CHARLESTON – Journalists around the nation press the West Virginia Supreme Court of Appeals to release referendum petitions with hundreds of phony signatures to the monthly Observer newspaper in Shepherdstown.
On April 16, two groups pleaded to the Justices that Jefferson Circuit Judge David Sanders improperly keeps the petitions under wraps.
The Reporters Committee for Freedom of the Press and the Society of Professional Journalists argued that Sanders confused the right to petition with the right to vote.
"The lower court erred in simply assuming that the referendum position at issue in this case is akin to a secret ballot," Troy Giatras of Charleston wrote.
Those who submit referendum petitions act as legislators, not private citizens, he wrote.
"If the Court allows referendums to be placed on the ballot without disclosing the identities of the government actors and citizens who petitioned for the referendum, the general public has no way of holding the government accountable," he wrote.
The group circulating the petitions last year sought a referendum on a zoning ordinance that county commissioners adopted in 2008.
State law requires a referendum on a new zoning ordinance if ten percent of voters sign petitions for one.
According to Observer lawyer Stephen Skinner of Charles Town, County Clerk Jennifer Maghan kept a running tally of valid and invalid signatures.
Skinner wrote last year that 18 percent of the signatures were invalid.
He wrote that Maghan's clerks regularly revealed names and signatures to the group circulating the petitions.
When the Observer requested the petitions, Maghan refused on the advice of assistant prosecuting attorney Stephanie Grove.
Grove wrote that under the West Virginia Freedom of Information Act, a public record must have been created by a public body.
"There is no affiliation between the County Commission and this citizen group, and the County Commission did not request that the group undertake the petition drive," she wrote.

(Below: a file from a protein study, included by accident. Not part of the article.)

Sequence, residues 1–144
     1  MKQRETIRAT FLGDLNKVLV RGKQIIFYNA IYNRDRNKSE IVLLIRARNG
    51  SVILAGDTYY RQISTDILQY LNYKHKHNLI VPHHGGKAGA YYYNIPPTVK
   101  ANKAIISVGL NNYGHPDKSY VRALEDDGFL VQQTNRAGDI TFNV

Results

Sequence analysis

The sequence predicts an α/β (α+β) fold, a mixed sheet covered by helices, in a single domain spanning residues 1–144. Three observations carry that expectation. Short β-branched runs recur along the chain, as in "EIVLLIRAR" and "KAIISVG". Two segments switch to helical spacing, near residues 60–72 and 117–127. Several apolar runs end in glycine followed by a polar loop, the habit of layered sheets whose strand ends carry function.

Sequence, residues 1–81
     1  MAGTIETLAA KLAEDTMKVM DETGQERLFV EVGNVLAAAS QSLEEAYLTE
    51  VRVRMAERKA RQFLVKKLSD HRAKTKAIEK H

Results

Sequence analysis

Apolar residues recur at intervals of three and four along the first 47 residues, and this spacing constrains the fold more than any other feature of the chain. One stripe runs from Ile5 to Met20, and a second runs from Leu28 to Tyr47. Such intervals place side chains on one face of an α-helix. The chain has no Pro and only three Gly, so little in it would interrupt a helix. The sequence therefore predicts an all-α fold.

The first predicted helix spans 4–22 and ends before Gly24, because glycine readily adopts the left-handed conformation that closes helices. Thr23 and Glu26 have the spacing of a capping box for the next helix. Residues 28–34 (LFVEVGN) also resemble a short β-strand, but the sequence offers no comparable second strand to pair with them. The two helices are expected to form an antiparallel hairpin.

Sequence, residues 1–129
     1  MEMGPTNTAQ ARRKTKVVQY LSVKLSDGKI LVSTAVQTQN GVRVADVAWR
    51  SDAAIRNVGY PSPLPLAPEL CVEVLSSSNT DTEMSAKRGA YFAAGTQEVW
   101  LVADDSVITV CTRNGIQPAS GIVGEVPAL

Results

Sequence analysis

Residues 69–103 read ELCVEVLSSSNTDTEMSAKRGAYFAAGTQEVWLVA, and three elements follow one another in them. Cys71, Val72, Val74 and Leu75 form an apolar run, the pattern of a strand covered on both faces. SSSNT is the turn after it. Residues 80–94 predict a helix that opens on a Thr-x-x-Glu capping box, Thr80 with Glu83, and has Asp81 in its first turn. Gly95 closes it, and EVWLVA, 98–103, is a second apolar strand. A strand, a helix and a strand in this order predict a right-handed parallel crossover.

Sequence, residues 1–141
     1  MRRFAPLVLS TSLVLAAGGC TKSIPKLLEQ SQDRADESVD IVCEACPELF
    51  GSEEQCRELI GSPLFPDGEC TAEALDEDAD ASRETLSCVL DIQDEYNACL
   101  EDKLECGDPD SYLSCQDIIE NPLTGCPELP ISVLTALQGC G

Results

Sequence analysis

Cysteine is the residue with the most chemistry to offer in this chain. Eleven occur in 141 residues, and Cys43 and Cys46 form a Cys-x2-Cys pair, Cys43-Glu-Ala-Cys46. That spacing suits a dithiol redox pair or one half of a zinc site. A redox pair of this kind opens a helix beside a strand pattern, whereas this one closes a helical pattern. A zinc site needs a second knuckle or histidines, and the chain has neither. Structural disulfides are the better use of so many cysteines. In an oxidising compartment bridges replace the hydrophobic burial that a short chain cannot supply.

Observer publisher Thomas Harding sought relief in circuit court and got none.
Sanders bought Grove's argument and added his own, predicting identification would have a chilling effect on petition activity.
He challenged anyone who felt Maghan acted improperly to call the election fraud unit of the Secretary of State.
"There is no reason to believe that the Clerk did not properly perform her duty to certify each and every signature presented or that a newspaper is in a better position to verify the signatures than those deputy clerks who are trained by and use the methods prescribed by the West Virginia Secretary of State," he wrote.
On appeal for the Observer in October, Skinner wrote that the order would exclude hundreds of thousands of documents long open to the public.
He wrote that deeds, wills and estates would fall outside the definition of public record, along with applications to agencies, commissions and local governments.
He wrote that none of the 4,000 who signed petitions faced or would face retaliation.
The Justices granted an appeal in January.
On the same day the national groups entered as friends of the court, Skinner delivered the newspaper's brief to the Justices.
"It is simply preposterous to assume the legislature intended for the definition of public record to drastically curtail the scope of public access to important records in government files because they were not prepared by a public body," he wrote.
Public access allows citizens to detect fraud, he wrote.
He asked for immediate disclosure, legal fees, costs and other proper relief.
The Justices have not set any action on the appeal.